Paula had little or no education herself and this inspired her to devote herself to work for the education of women at home and abroad.
Paula had little or no education herself and this inspired her to devote herself to work for the education of women in Catalonia and to found a religious order, the Sisters of the Pious Schools. Patrick Duffy tells her story.
An upbringing without education
Paula was born and baptised on October 11, 1799, at the seaside Catalonian town of Arenys de Mar about 30 kms north-east of Barcelona, the eldest of five children. Her parents Ramon and Vicenta brought her up in a Christian atmosphere. She had an intense devotion to Our Lady and she took an active part in the life of her parish. Her father died when she was ten, so both her mother and herself had to work hard in caring for the other siblings. Like most girls in Spain of her time she had no chance to participate in education.
A founder of schools
When Paula was thirty, she moved north to the city of Figueras (Gerona) with her friend Inés Busquets, to open a school for girls which offered a broader curriculum than that generally offered for boys, including some spiritual guidance. After thirteen years (1842) they opened a second school in her own home town of Arenys de Mar, and four years (1846) later a third in Sabadell, a town about 20 kms inland from Barcelona.
A new religious order for girls’ education
There she was helped by two priests, Fr. Jacinto Felíu and Fr. Agustín Casanovas, of the Order of Clerks Regular of the Pious Schools (Piarist Fathers), founded in 1617 in Rome by St Joseph Calasanz (see August 25) for boys’ education to set up a religious order for women, devoted to the education of women. The order became known as Daughters of Mary (Sisters of the Pious Schools). On February 2 in 1847, she made her profession along with her first three companions, Inés Busquets, Felicia Clavell and Francisca de Domingo.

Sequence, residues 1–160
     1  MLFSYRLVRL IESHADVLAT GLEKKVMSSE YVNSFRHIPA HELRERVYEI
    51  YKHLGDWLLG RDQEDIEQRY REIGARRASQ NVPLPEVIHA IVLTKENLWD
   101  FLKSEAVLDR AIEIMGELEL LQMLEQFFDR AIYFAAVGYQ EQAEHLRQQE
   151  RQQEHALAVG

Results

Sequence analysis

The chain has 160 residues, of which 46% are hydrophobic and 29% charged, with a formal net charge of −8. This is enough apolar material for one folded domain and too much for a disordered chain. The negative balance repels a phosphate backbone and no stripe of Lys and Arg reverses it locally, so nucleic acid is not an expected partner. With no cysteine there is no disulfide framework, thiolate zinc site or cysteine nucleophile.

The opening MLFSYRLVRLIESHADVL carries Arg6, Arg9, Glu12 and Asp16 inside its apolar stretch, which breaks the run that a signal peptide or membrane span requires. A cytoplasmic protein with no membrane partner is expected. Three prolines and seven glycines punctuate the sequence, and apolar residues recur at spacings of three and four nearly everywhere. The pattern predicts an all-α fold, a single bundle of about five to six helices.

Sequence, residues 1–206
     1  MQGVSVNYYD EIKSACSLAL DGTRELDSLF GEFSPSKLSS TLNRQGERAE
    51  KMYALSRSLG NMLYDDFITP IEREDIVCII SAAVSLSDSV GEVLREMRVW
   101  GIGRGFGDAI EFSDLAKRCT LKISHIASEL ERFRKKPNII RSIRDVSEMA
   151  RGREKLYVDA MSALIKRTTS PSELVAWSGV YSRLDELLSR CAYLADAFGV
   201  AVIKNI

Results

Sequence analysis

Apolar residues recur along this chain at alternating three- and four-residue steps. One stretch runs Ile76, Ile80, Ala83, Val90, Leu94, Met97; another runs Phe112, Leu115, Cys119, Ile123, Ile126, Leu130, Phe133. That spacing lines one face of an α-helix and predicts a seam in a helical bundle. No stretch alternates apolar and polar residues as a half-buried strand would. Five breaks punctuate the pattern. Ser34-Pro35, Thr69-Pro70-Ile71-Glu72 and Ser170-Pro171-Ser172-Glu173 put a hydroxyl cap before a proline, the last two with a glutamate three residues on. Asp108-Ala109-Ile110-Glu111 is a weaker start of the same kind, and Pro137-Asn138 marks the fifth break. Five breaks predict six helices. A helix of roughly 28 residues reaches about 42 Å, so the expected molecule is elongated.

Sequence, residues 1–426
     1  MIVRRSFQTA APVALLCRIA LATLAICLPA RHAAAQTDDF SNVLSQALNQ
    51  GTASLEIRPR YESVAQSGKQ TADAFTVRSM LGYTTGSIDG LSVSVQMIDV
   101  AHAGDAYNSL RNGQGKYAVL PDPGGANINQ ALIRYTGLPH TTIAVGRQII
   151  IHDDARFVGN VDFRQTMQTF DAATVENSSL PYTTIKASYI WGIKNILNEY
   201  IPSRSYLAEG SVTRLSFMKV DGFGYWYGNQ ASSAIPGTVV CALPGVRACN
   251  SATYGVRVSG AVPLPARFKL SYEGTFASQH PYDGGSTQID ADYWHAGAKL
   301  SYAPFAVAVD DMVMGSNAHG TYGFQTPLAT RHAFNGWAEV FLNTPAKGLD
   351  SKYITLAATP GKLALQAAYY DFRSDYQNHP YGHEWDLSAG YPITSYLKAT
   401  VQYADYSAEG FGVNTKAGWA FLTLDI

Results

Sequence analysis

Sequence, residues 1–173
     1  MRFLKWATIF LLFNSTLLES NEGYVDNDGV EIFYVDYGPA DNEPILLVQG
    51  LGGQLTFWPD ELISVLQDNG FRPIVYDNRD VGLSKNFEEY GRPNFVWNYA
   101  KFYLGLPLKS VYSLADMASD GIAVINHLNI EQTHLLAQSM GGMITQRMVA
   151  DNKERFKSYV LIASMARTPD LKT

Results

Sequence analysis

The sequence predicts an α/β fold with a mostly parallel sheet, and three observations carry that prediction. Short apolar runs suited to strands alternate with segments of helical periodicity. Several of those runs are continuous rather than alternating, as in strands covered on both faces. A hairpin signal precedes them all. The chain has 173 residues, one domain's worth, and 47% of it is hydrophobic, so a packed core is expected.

Other schools and expansion of the order
Other schools followed at Igualada (1849), Vendrell (1850), Masnou (1852) and Olesa de Montserrat (1959). Paula inspired and helped to found 4 others: Gerona (1853), Blanes (1854), Barcelona (1857), Sóller (1857) and Olesa de Montserrat (1859). She was also the formator of the first 130 sisters of the Congregation. It was a very active and prophetic period in her life.
Death and influence
Paula stayed at Olesa de Montserrat for the next thirty years until her death in 1889. The two pillars of Mother Paula Montal’s spirituality were her Calasanz spirituality and her charisma for the education of women. She was beatified 18 April 1993 and canonised on 25th November 2001 by Pope John Paul II. There are currently 800 Sisters of the Pious Schools in 112 communities educating 30,000 girls in 19 different countries.